Glioma is a general term for a group of tumours that start in the supportive tissues (glial cells) of the brain or spinal cord. They are the most common type of primary brain tumours in adults and account for about 70% of all malignant (high-grade) tumours of the central nervous system (CNS).
Ependymoma is a type of glioma that starts in cells of the ependyma, which lines the ventricles (fluid-filled spaces or cavities that connect the brain to the spinal cord) and the centre of the spinal cord. These tumours account for about 2% of all brain and spinal cord tumours.
Based on the WHO grading system, ependymomas may be classified as low-grade to high-grade (grades I–III).
- Low-grade tumours (grades I and II) are more common in the spine.
- Myxopapillary ependymomas occur most often in people in their mid-30s.
- Subependymomas occur most often in middle-aged and elderly men.
- Most people have no symptoms.
- Treatment is usually based on the size of the tumour and if symptoms occur.
- Anaplastic ependymomas are high-grade tumours (grade III) that occur most often in the brain.
The following are treatment options for ependymoma (grades I, II and III). The types of treatments given are based on the unique needs of the person with cancer. There is no known effective chemotherapy for ependymoma.
- If surgery can be done, it is used as the main treatment to remove all of the tumour or as much of the tumour as is possible.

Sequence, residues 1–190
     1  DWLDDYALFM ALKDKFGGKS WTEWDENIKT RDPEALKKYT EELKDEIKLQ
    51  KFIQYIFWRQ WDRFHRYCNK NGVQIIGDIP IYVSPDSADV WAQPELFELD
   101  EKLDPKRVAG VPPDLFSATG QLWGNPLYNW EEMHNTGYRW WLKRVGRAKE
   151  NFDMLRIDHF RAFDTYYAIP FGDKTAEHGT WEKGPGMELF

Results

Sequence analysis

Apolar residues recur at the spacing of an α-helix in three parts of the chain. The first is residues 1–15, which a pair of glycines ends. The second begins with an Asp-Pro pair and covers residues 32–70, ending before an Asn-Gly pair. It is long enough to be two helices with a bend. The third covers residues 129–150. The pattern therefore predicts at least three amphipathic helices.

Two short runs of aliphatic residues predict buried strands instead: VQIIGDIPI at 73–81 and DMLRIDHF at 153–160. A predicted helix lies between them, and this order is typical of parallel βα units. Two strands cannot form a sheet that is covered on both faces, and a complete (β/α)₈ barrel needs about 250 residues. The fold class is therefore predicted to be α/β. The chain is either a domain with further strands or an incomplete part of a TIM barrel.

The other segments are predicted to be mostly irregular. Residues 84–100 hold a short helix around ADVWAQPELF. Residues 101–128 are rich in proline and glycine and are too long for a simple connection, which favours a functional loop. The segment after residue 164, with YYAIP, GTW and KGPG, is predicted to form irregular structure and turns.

- radiation therapy
- External beam radiation therapy may be given:
- for grade I and II tumours, if the doctor knows or suspects some tumour remains after surgery
- after surgery for grade III (anaplastic) tumours
- Radiation therapy may be given to the entire brain and spinal cord (craniospinal irradiation or CSI) if tests show that the cancer has spread through the cerebrospinal fluid (CSF).
- It may also be used to treat recurrent tumours if radiation therapy was not given previously.
Supportive therapy is used to treat the symptoms caused by ependymomas. The following types of supportive therapy may be used:
- These drugs prevent seizures.
- They are given to people who have had a previous seizure.
- The most commonly used anticonvulsant is phenytoin (Dilantin).
- These drugs are used to reduce cerebral edema (buildup of fluid in the brain).
- The most commonly used corticosteroid is dexamethasone (Decadron).
People with ependymoma may be offered the opportunity to participate in clinical trials. For more information, go to clinical trials.